Letterpress printing: past, present, future

Letterpress Printing: Past, Present, Future was an AHRC-funded Research Network that explored the survival of historical printing equipment and how it is used today. 

letters and number setting for printing press


Research background

The network brought together scholars, museum professionals, printers, and other interested people to explore the legacy of historical presses and type – what survives and where; its condition – as well as what it has to teach us, both about the textual and typographical cultures of the past, as well as those of today.

Research aims 

During the twentieth century, printing changed from a craft-based to a technology-led process. The composing room moved from hand- to machine composition, from photo-setting to digital; while the press room shifted from letterpress to off-set lithography and latterly digital methods of production. Technical progress, however, failed to completely usurp traditional printing and today there is a marked increase in those engaged with older methods of production, whether for pleasure, profit, or scholarship.

For example, when the printing industry jettisoned letterpress in favour of contemporary technology, some of the equipment survived and was appropriated by artists as tools for creativity, or salvaged by museums as relics of the past. Some of this historic equipment was requisitioned by a new generation of printers keen to satisfy market demands for traditional printing and often used in tandem with contemporary techniques.

 Similarly, housed in the basement of the School of English at the University of Leeds, there is a range of letterpress machines and moveable type. Originally used to teach bibliography, this facility fell out of use as academic fashions changed. Today it has been resurrected by a new generation of scholars curious to practice craft techniques in order to enhance their understanding of the past.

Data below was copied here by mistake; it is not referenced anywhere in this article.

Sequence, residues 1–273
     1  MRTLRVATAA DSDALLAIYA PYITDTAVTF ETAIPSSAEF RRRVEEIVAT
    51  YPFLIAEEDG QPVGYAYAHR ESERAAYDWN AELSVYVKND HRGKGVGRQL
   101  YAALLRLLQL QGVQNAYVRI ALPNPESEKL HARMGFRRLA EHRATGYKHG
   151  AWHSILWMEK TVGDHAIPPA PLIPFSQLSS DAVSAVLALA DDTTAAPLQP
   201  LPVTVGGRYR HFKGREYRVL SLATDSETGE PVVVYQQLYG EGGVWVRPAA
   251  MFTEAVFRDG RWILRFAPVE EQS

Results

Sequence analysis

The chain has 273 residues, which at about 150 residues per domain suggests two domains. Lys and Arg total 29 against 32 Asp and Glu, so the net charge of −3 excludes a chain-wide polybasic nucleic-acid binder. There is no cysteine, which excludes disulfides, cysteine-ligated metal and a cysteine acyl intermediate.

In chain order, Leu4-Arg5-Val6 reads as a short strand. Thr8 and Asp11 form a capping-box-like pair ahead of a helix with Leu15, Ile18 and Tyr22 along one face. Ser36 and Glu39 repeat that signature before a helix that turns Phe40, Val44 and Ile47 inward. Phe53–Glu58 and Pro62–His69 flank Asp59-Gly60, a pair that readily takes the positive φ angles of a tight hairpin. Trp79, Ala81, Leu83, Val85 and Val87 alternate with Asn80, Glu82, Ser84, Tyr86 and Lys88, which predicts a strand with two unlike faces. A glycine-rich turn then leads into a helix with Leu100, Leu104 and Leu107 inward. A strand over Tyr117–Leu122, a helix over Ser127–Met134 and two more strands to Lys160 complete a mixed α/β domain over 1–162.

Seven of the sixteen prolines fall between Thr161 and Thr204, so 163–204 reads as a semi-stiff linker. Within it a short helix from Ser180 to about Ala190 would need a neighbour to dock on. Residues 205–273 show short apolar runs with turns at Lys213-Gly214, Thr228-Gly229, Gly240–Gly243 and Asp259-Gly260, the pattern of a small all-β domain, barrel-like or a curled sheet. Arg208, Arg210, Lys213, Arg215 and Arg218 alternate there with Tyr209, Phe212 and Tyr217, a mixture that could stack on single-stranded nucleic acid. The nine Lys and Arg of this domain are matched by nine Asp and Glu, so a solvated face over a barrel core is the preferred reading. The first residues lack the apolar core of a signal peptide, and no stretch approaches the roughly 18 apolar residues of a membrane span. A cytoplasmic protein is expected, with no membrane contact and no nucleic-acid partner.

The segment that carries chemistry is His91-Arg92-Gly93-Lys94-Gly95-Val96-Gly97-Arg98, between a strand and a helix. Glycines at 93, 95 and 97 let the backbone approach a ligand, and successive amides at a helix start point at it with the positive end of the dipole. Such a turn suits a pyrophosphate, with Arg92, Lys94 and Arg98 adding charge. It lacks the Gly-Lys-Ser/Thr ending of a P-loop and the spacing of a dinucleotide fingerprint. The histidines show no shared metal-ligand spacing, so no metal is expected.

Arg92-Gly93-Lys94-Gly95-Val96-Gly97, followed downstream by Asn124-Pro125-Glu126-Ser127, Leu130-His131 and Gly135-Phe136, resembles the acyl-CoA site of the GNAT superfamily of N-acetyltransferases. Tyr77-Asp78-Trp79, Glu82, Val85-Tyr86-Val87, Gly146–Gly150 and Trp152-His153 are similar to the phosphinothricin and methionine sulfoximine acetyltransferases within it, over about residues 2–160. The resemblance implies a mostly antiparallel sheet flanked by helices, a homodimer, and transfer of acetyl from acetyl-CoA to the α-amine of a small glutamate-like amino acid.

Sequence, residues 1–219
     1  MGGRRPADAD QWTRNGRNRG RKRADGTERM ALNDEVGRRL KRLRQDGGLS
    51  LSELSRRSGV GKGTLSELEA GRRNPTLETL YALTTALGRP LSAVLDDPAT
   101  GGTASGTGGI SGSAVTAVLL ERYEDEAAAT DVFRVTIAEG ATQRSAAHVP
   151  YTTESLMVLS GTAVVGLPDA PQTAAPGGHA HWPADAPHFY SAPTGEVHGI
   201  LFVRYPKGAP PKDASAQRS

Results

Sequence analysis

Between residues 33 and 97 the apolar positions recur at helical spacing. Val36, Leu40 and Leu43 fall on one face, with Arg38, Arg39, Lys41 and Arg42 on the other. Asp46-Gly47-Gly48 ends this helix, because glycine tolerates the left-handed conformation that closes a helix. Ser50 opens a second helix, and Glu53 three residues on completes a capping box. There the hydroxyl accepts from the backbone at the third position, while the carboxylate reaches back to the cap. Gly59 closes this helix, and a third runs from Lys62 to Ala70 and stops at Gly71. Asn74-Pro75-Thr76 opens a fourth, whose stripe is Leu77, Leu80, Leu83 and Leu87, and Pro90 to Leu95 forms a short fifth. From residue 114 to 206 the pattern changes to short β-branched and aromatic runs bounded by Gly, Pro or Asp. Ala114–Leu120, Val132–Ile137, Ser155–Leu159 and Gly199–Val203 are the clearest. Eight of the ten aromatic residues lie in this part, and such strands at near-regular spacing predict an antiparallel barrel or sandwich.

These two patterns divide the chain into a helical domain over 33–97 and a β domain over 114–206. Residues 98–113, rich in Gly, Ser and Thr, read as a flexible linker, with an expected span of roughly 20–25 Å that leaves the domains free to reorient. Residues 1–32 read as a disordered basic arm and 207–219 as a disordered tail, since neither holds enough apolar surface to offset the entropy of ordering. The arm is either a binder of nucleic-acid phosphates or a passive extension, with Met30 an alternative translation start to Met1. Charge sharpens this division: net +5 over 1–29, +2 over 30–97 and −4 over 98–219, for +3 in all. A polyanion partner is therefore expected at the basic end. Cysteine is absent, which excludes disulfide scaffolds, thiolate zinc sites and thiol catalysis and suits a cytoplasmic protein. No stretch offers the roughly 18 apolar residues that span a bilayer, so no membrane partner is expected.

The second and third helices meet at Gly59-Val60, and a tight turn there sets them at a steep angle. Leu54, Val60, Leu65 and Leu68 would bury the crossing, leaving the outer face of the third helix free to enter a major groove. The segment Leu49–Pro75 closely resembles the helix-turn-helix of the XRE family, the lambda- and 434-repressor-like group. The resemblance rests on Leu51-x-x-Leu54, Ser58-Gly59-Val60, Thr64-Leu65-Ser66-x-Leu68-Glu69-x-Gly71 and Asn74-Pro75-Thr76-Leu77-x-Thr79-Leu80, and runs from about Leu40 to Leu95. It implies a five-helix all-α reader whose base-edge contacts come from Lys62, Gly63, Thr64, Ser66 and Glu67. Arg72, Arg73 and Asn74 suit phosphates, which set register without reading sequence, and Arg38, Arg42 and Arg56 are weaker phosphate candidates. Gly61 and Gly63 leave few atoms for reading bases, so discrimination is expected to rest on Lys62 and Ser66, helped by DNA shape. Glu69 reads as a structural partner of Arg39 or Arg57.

This project aimed to find out who is currently using letterpress and why, what is its future, and how can it develop in ways not envisaged by its original craftsmen.

Research methods

We carried out our investigations in to letterpress printing through presentations, discussions and practical applications at four events, each with a specific focus.

1 - The state of historical letterpress, University of Birmingham

This workshop explores the survival and use of historical printing presses and type.  It considers how and why equipment has survived, as well as the state in which it can often be found.  We are interested in what historical equipment and practices have to teach us, both about the print cultures of the past and our own today.  We also want to know who the audiences are for this material, the interests they might have, and how we might collaborate more effectively.

2 - Using letterpress, National Print Museum

This workshop explored how historical printing presses and type are currently used in research, practice, and teaching and considered further ways in which they could be used.  We discussed what is distinctive about working with historical equipment and how historical print practices might inform our approach to textual, typographical and visual culture today.

3 - Letterpress in the digital age, Bath Spa University

Print and digital are often considered as antagonists, with the former imperilled by the latter. Yet the relationship between the two technologies of storage and reproduction is more complex than this. This workshop, examined the interconnected histories of print and digital technologies, and considers how each can help us learn about the other.

4 - Final Conference: Letterpress printing, past, present and future

Featuring key note lectures by Johanna Drucker, Will Hill, and Dafi Kühne, this this two-day conference explored the survival, legacy and relevance of letterpress printing in the digital era.

Reseatch outcomes 

One outcome of the project has been to create a directory of people working with Letterpress. Most of those involved are based in Britain and Ireland, but the network is comprised of people from all over the world. Another, outcome is the publication of an edited volume, Letterpress printing: past, present and future, edited by Caroline Archer-Parre and James Mussell, to be published by Peter Lang Ltd., 2021.